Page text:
By Andrea Thompson
“Cowboys” opens with such a traditional twang you know it’s gonna be subversive. Or at least try to be. As those ol’ country sounds invite us to revel in the glory of the Montana landscape, we’re inclined to agree with Troy (Steve Zahn) when he remarks to his preteen son Joe (the remarkable Sasha Knight) that it’s “so pretty it’s almost too much.” But just because the beauty of the land is akin to a living painting doesn’t mean everything is rosy. As close as these two clearly are, there are early signs that they’re in trouble, and flashbacks only confirm it.
In the case of “Cowboys,” the big reveal isn’t exactly what Troy has done, but why. He may have kidnapped his child, but he did it in order to protect him from the bigotry of his mother Sally (Jillian Bell). Joe was born a girl, and his discomfort and disgust at his female body is readily apparent, even before he finally reveals his true feelings to his father. It takes Joe a bit to come around, but he’s staunchly support once he does, and Sally’s inability to do the same would be more repulsive if the roots of her disgust weren’t so clearly, firmly planted in self-hatred. For her, being a girl is something no one would choose in a place that denies them the freedoms men are able to casually embrace and enjoy. It’s especially ironic due to the fact that part of what makes Joe so sure he’s trans is that he fits right into the gender norms of their community, just not those he was born into.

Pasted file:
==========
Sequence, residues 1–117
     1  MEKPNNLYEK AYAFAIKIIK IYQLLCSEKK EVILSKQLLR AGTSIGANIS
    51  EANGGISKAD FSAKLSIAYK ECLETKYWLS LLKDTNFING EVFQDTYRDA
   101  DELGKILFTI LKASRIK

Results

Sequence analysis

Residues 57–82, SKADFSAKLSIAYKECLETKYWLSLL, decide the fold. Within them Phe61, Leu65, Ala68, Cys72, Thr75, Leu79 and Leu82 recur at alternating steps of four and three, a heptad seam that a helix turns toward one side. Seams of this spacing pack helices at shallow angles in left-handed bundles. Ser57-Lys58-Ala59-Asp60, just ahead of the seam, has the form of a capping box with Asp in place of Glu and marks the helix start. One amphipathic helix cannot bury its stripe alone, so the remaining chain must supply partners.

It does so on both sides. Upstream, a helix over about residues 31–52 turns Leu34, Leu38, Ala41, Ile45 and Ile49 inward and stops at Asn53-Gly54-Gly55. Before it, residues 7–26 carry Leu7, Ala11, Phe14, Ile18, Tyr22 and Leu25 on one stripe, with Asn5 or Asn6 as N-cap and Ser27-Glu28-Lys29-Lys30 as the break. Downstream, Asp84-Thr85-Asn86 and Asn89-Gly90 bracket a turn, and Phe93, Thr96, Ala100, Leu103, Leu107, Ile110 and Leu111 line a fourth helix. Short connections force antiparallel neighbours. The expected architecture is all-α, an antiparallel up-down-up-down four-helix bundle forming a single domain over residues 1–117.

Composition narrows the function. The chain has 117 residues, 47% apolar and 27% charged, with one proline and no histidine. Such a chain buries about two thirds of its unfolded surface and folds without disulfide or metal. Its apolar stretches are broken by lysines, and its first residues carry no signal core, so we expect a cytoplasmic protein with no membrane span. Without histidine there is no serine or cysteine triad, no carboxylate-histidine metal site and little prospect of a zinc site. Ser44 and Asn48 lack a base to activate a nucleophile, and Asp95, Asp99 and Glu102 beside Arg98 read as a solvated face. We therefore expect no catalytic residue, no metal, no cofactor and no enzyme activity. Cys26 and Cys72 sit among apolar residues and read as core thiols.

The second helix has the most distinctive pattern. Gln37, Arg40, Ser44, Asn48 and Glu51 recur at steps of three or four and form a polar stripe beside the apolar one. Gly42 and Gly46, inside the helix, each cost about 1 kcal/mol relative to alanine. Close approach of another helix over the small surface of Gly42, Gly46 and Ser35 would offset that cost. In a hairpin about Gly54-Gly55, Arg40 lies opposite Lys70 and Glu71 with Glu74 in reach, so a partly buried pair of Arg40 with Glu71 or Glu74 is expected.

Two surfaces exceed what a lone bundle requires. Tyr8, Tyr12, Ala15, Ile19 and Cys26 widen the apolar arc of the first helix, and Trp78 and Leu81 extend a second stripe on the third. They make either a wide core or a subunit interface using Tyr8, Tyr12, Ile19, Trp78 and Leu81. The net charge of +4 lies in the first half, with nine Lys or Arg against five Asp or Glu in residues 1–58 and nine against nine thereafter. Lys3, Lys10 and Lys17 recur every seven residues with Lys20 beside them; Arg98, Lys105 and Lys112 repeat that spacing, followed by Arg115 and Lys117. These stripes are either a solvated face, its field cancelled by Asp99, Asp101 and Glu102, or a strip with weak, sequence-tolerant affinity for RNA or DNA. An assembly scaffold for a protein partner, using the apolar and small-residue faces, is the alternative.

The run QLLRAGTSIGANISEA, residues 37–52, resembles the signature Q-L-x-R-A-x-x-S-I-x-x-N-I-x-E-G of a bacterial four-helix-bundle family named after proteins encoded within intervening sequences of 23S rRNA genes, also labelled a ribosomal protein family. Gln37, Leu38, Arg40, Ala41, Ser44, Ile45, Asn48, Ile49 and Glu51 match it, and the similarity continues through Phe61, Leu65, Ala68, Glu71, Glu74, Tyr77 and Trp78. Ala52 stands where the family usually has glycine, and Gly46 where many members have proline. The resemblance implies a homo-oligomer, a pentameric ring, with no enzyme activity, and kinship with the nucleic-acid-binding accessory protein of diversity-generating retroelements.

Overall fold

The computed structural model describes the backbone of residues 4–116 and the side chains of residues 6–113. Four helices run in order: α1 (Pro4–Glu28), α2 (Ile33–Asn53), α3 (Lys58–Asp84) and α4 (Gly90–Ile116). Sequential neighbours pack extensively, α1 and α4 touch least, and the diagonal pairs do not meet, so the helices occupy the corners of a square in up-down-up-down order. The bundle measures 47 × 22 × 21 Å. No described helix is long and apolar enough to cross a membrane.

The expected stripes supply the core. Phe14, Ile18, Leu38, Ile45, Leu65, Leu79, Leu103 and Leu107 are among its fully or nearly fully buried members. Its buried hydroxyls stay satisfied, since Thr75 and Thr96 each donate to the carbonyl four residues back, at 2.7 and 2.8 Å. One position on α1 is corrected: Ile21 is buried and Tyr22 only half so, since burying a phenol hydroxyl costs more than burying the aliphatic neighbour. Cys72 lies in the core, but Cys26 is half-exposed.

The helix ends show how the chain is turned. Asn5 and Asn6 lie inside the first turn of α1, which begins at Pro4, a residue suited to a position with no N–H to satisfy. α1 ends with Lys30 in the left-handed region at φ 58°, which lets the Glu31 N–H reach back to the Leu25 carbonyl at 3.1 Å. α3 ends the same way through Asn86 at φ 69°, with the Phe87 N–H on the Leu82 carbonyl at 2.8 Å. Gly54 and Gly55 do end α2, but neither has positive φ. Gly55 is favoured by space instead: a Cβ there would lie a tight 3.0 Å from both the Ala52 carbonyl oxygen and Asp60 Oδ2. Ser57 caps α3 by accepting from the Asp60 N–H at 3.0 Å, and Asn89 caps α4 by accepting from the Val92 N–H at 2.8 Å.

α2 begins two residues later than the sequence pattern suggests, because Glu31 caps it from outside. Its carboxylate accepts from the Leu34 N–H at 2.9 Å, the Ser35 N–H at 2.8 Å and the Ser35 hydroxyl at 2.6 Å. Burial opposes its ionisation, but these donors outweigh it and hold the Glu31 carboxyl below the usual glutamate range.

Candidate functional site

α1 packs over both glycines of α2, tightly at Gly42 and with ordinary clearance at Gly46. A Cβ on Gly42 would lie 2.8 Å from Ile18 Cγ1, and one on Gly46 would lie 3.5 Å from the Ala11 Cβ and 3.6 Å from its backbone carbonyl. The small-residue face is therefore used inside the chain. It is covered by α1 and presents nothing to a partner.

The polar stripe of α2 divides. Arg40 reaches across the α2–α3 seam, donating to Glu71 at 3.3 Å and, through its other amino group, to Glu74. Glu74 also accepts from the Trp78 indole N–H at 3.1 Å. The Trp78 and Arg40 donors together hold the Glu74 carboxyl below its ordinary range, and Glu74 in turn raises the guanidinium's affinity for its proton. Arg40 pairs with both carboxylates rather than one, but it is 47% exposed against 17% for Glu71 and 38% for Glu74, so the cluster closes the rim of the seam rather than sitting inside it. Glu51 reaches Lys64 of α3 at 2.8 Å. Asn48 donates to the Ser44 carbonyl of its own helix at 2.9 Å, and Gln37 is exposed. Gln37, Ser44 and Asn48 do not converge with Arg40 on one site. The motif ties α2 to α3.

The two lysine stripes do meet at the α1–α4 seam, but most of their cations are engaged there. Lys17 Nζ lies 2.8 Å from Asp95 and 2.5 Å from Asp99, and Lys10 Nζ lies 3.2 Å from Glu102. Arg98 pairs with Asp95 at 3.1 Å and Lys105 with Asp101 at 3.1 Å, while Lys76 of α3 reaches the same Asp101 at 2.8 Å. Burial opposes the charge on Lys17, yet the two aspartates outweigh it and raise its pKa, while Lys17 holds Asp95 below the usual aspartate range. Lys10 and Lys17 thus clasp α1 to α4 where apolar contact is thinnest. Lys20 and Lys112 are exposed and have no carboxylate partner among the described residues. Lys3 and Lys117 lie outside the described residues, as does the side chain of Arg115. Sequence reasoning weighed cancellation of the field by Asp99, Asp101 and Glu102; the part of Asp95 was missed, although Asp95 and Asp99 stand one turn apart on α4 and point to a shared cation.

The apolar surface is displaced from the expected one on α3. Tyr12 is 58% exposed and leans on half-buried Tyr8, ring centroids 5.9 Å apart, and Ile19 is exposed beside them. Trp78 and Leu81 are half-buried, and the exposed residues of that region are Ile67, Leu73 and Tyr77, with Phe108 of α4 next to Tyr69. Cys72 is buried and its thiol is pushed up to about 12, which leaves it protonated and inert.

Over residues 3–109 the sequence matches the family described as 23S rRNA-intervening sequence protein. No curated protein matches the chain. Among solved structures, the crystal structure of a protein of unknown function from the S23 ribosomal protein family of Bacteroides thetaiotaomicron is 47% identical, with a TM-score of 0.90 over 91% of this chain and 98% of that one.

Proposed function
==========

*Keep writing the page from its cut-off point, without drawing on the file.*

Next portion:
Steve Zahn’s tragically layered performance, which is miles away from the comedic persona he’s built much of his career on, will most likely get much of the attention, but Jillian Bell, who already has an impressive resume herself, manages to bring an underrated sense of tragedy to a woman who could’ve easily come across as a hideously sexist caricature. Then again, maybe the fact that she’s less privileged than many on-screen white women typically are makes her far easier to sympathize with. Bell even holds her own opposite the always impressive Ann Dowd, even as she’s playing a woman who seems to be the last competent, compassionate cop in all of Montana. At least she gets to ride a white horse.
Writer-director Anna Kerrigan doesn’t just have a deep knowledge of the state she’s portraying (and a commitment to cast a child actor who was non-binary or trans), she has a deep affection for it, which may also be inhibiting her in some regards. While Kerrigan clearly has compassion for everyone here, especially as Troy’s mental illness begins to take its toll on him, the ending might just be a bit too utopian, especially in a time and place where bullies have every reason to feel enabled. That said, there are worse faults for a feature debut than hoping that people will turn to their better angels.